Downing St. memo inquiry requested

Saint Paul Pioneer Press (Minnesota)
June 17, 2005 Friday
LENGTH: 562 words
HEADLINE: Downing St. memo inquiry requested;
Democrats demand answers about controversial British war document
BYLINE: Washington Bureau
WASHINGTON -- A hearing Thursday on a secret British intelligence memo that said President Bush was committed to waging war on Iraq months before he said so publicly ended with a request for Congress to open an inquiry into whether Bush should be impeached for misleading the nation.

"All we're asking is to know the truth," said John Bonifaz, co-founder of "Some of his supporters want to say it's a question of failed intelligence. If that's all it was, so be it."

Philadelphia Inquirer

June 17, 2005 Friday CITY-D-EAST EDITION
LENGTH: 972 words
HEADLINE: Trying to make hay of prewar memos
BYLINE: By Dick Polman; Inquirer Political Analyst
George W. Bush asked voters last year to judge him as a war president, and the strategy worked. Yet today, as casualties mount in Iraq, and as sunny administration statements are contradicted by events on the ground, the public's patience is being taxed as never before.

These developments have emboldened grassroots liberals to focus public attention on the so-called Downing Street memo (and seven others, leaked in London last weekend), all of which raise questions about Bush's case for war. And yesterday, a dozen House Democrats staged a hearing on the British government documents, hoping to persuade more Americans that, in Michigan Rep. John Conyers' words, at least 1,700 U.S. troops "have lost their lives for a lie."

Making The Press Rethink DSM

NYU's Jay Rosen schools the press on the 21st century's Worldwide hierarchy in his latest post at Press Think entitled "The Downing Street Memo and the Court of Appeal in News Judgment":

"News judgment used to be king. If the press ruled against you, you just weren't news. But if you weren't news how would anyone know enough about you to contest the ruling? Today, the World Wide Web is the sovereign force, and journalists live and work according to its rules."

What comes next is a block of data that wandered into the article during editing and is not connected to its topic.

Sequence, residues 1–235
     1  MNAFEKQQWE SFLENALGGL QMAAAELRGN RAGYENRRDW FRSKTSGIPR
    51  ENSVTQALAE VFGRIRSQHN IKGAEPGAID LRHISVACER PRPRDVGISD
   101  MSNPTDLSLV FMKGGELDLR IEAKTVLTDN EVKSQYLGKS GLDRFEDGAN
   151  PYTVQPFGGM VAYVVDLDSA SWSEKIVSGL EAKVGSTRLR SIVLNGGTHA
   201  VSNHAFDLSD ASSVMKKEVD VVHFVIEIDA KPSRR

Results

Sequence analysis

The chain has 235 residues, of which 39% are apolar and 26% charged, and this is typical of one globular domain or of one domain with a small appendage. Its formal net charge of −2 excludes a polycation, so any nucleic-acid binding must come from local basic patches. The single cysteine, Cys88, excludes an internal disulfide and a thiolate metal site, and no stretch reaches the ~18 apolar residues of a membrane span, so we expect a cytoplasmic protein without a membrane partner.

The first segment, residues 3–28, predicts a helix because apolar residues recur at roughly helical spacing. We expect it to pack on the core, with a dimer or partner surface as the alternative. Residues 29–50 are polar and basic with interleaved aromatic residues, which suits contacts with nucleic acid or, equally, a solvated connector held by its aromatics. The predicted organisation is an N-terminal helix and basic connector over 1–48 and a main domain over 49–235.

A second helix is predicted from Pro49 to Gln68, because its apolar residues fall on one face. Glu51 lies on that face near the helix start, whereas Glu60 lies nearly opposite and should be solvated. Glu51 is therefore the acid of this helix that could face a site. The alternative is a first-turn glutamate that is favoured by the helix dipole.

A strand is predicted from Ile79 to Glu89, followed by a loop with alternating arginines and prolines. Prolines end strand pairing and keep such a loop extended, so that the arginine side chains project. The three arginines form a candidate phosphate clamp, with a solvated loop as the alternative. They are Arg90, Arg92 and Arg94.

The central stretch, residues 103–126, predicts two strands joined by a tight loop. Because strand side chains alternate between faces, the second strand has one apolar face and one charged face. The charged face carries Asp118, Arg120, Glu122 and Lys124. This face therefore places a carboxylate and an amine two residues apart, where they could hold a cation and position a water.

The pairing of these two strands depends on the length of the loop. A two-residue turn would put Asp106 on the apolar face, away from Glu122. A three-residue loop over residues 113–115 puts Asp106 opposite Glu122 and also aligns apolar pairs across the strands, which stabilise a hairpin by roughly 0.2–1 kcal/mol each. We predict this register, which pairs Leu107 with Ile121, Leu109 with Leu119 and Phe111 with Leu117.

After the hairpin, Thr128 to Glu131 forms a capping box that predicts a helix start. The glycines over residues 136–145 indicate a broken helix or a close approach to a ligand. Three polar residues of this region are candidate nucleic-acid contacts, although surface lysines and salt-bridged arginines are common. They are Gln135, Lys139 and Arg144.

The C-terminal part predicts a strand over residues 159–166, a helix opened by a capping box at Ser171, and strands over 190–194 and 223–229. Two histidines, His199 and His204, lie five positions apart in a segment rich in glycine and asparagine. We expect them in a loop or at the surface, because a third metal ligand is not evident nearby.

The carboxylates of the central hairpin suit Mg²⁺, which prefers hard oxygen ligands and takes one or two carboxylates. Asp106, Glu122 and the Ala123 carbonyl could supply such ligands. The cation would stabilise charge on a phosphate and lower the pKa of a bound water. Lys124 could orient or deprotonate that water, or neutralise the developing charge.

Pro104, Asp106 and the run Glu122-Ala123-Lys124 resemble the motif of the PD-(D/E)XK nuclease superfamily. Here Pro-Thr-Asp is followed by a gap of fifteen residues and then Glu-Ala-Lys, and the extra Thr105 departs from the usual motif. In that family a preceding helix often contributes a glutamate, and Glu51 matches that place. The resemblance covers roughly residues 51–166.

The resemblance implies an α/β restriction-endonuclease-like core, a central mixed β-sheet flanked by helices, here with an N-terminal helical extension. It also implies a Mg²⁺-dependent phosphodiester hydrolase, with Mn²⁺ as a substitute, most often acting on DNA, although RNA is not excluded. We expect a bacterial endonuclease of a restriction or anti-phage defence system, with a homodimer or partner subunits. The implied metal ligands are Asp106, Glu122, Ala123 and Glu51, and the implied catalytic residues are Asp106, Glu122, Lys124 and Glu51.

Rosen examines how the British press, aided by left-leaning bloggers and the heroic efforts of Congressman John Conyers, were able to finally get America's mainstream media to recognize the importance of the Downing Street minutes which were leaked nearly a month-and-a-half ago (and more keep coming: Ten Briefcases Full!).


The Oregonian (Portland, Oregon)
June 17, 2005 Friday
LENGTH: 731 words
After weeks of ignoring the existence of the Downing Street memo -- the July 2002 minutes of a high-level British meeting reporting that the Bush administration had already decided on war and was shaping the intelligence around its goal -- major media outlets have now gotten to the second phase of coverage:

They knew it all the time.

Nothing happening here, move along.

The current round -- including newspapers, such as The New York Times and The Washington Post, which months ago apologized for the inadequacy and overcredulousness of their coverage of the war's origins -- declares that even though the Bush administration was publicly claiming it hoped to avoid war, everybody at the time knew the United States was going to attack Iraq.

Ray McGovern on News Hour With Jim Lehrer

Federal News Service
June 17, 2005 Friday
LENGTH: 2663 words
TERENCE SMITH: Behind that famous door, the residence of British Prime Minister Tony Blair, top British officials gathered in July 2002 to discuss a possible war in Iraq. But minutes of that discussion only surfaced on May 1 of this year in the heat of Blair's reelection campaign. First published by the Sunday Times of London, it came to be known as the 'Downing Street Memo.'

Answers needed on Downing Street memo

Detroit Free Press
June 17, 2005 Friday 1 EDITION
LENGTH: 442 words
HEADLINE: WAR, RIGHTS AND SECURITY: Answers needed on Downing Street memo

The White House is surely hoping that U.S. Rep. John Conyers will just go away. But he shouldn't, not while Americans are dying in Iraq.

The country deserves better answers than President George W. Bush has provided to date about his justification for the Iraq war, and Conyers is at least trying to get them.

As a member of the minority party from a state Bush didn't carry, he's not likely to succeed on his own. But the Detroit Democrat can raise public awareness of the so-called "Downing Street memo" to a point where more of the president's fellow Republicans, some of whom already are trying to distance themselves from the war, can join the chorus calling for answers. Perhaps former Secretary of State Colin Powell will add his voice, too, since he was the one who took the president's case for war to the United Nations, making quite a show of evidence that turned out to be false about Saddam Hussein as an imminent threat.

War memo angers Democrats: British file shows data manipulated

War memo angers Democrats British file shows data manipulated, they say; aides defend Bush
Dallas Morning News
BYLINE: DAVID JACKSON, Washington Bureau
WASHINGTON - Armed with newly disclosed British documents, a group of congressional Democrats conducted an "unofficial hearing" Thursday accusing the Bush administration of "fixing" intelligence to justify the Iraq war.

Rep. John Conyers, D-Mich., who called the hearing, said the so-called Downing Street memos "establish a prima facie case of going to war under false pretenses."

White House officials noted that all the Democrats who attended the hearing opposed the war and that the administration had good reason to believe Saddam Hussein had weapons of mass destruction and posed a significant threat.